The Emporia Public Library is the oldest library in the State of Kansas in continuous operation. Since 1869, Emporia’s library has grown with the city to provide services for the community.
On December 14, 1869, twelve years after the founding of the town, the original Library of Emporia was brought into existence. A group of leading citizens formed the first library association. It worked on a subscription basis: dues were $3 a year for men and $2 a year for women. The first directors met on January 19, 1870, and decided to rent the front rooms over the Bates and Perley Drugstore, 163 Commercial Street, at a price not to exceed $15 a month.
The library was popular from the start. By March of 1871, the Library Association had 31 life members and 145 annual members. They had 764 books and subscribed to six monthly magazines. But the road wasn’t always smooth for the new library: By 1874, the annual report showed a debt of $140. Many fundraising projects (such as a strawberry festival and a masquerade ball) were held, but hard times continued.
Membership sank to 75 while the debt continued to increase until it reached $203. In 1884, a city ordinance was passed, which established a tax-supported base and gave Emporia a public library in the modern sense. The library grew and soon needed room for expansion. Mrs. Amanda Wicks, a librarian in 1893, learned of the Carnegie funds available to establish public libraries and immediately applied for a grant. However, because of the Carnegie library already located on the College of Emporia campus, the request was denied. A second application resulted in a $22,000 donation for a building. Mrs. Preston B. Plumb, wife of one of the founders of Emporia and the first president of the library association, donated land at 6th and Market for the building site as well as money for the architectural services.
The new facility opened to the public on February 23, 1906, with a reception. Over the coming years, many exciting developments came about; Dr. Clyde Meredith, an Emporia State music professor, began the record collection by donating both records and money. Also during this period, the microfilming of newspapers was begun. The annual budget increased twelvefold from its original $2,000 to $27,000.
With the advent of federal funds, the Emporia Public Library attempted to expand their information resources. Mrs. Beryl Liegl was the director of the library when the first of these federal funds became available. She reported that this money allowed her to begin many new services for Emporians. She instigated a framed art reproduction service of quality prints, updated the record collection started by Dr. Meredith, began the services for the homebound, and increased the large print collection. Telephone books were added to the collection as well as a copy machine. The genealogy, business, and reference departments were also upgraded under Mrs. Liegl’s guidance. The Memorial Book Program, in which community members donate funds in honor of special events such as marriages, births, or deaths, began at this point as well.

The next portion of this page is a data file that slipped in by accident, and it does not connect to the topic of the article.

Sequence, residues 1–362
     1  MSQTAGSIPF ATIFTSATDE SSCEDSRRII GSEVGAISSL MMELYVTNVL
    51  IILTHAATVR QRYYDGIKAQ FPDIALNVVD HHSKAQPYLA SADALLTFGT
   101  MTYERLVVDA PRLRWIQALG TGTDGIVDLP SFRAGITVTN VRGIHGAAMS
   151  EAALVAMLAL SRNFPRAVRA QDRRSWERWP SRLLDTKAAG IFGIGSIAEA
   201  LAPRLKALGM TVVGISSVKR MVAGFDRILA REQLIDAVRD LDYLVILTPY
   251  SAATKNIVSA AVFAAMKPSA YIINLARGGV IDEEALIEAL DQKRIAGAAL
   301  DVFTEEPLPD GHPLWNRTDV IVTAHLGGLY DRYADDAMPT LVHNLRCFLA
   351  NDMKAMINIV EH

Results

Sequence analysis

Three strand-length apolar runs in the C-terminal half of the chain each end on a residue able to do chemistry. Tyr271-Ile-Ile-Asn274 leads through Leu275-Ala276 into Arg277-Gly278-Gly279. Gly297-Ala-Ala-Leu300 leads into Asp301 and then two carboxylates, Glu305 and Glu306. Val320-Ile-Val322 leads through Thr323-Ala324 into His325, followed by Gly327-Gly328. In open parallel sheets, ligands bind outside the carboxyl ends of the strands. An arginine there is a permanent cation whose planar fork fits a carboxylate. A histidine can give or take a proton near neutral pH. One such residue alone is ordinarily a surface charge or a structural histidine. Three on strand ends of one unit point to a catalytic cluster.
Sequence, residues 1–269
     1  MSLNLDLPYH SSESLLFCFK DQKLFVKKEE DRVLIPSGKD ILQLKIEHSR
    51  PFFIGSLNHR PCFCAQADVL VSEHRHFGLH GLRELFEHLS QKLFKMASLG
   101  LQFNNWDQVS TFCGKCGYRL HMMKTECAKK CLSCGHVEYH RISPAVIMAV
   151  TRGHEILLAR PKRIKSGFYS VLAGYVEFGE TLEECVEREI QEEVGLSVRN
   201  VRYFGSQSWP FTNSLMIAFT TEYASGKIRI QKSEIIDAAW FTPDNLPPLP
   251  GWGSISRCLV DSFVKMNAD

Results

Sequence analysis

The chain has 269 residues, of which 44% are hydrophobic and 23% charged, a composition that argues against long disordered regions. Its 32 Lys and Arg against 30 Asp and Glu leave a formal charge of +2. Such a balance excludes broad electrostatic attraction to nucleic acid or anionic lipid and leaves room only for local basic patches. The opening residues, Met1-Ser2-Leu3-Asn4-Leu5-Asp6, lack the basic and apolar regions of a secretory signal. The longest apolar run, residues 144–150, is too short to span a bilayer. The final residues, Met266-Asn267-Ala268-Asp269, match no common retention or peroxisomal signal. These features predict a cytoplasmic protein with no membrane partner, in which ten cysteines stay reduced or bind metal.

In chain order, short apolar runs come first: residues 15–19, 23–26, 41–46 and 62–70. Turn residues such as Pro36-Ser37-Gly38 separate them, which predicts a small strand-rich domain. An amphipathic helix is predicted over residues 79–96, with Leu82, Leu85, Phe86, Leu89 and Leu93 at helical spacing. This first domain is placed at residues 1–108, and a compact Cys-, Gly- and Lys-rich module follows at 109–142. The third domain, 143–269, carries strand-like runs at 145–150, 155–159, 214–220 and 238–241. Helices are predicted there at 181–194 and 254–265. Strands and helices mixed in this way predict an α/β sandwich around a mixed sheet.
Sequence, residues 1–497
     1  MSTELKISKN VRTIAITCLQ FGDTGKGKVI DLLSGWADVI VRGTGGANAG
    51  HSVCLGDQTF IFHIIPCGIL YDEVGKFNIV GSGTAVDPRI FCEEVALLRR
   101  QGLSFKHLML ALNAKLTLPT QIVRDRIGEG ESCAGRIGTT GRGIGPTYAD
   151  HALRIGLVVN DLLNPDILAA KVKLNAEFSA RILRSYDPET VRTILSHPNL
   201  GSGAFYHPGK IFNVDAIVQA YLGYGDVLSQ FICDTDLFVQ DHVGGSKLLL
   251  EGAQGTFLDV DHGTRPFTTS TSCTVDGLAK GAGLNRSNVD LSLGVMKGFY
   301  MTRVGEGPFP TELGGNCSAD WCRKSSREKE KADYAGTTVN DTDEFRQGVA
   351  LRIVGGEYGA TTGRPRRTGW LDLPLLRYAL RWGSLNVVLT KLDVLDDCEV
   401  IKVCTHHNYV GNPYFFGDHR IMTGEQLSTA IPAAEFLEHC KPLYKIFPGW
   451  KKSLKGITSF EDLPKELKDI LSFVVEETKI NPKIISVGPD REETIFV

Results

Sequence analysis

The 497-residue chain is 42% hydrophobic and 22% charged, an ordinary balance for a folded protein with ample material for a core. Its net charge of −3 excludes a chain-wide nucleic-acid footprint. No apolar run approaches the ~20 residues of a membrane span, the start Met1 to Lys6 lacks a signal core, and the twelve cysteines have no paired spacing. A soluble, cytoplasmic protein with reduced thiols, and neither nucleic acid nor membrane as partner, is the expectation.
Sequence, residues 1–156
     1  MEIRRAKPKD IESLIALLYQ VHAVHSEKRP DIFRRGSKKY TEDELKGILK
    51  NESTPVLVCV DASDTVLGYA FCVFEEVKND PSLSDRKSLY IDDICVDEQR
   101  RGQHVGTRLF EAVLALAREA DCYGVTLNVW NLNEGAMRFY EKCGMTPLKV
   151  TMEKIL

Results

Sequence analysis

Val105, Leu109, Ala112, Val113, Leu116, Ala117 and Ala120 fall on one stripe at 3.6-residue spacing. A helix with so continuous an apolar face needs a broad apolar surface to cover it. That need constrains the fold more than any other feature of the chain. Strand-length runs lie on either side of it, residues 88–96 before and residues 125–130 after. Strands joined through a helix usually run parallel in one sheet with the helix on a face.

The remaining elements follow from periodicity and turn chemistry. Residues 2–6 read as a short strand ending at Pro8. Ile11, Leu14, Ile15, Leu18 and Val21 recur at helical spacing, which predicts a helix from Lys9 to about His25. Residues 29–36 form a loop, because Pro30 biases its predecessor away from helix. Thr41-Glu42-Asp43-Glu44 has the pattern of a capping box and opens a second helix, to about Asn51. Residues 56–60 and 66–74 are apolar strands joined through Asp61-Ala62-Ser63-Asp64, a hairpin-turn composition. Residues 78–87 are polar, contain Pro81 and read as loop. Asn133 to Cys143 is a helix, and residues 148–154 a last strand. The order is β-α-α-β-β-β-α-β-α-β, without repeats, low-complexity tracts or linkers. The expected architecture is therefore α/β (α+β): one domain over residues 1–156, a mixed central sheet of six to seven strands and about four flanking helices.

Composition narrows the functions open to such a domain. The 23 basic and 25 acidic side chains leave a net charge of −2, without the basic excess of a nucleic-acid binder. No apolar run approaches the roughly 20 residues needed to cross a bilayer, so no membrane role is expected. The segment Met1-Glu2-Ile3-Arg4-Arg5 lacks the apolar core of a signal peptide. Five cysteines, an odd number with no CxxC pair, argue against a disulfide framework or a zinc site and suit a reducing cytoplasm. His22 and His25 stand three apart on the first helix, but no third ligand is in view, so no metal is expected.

At this time, Mrs. Liegl began to update the library’s collection, which had grown to the point of overflowing. She invited several people in the community to organize a Friends of the Library group to raise money, work on publicity, and coordinate activities with the board of directors. The first Friends group, in 1973, was comprised of 237 members who paid $1 each for membership. Their first summer book sale raised $479. From these funds, the Friends invested $700 in a film projector and screen. They began brown bag lunches accompanied by a film, which they then used to establish a building fund. They managed to raise $500 toward a new building.
The new building—our current building—has a spacious atrium, the checkout desk, the children’s room, adult and children’s DVD collections, audiobooks, an area for mending and processing materials, and the large meeting room on the main floor. Upstairs is the adult collection (which includes fiction and nonfiction), the Spanish language collection, the young adult area, and microfilm. Another upstairs feature is the Kansas Room, which houses the magazine and newspaper reading space as well as books about Kansas. The library also provides computers for public use and free Wi-Fi.
In 2001, the library removed the card catalogs and purchased an automated library system. The new system gave patrons online access to the digital catalog and modernized processing internally. In 2017, the library moved to a newer, more streamlined automated library system, giving patrons even more access to their accounts and allowing the integration of the catalog and digital resources with the website. In 2019, the library celebrated its 150th anniversary. In 2020, the library went fine-free for most items, making our library more accessible to patrons. During the COVID-19 pandemic, the library added RFID technology and pickup services, to make it easier for patron to access library services and materials. The library had the skylight in the atrium repaired in 2021. The library continues to adapt its services and resources based on the needs of the community and continues to upgrade the building when possible.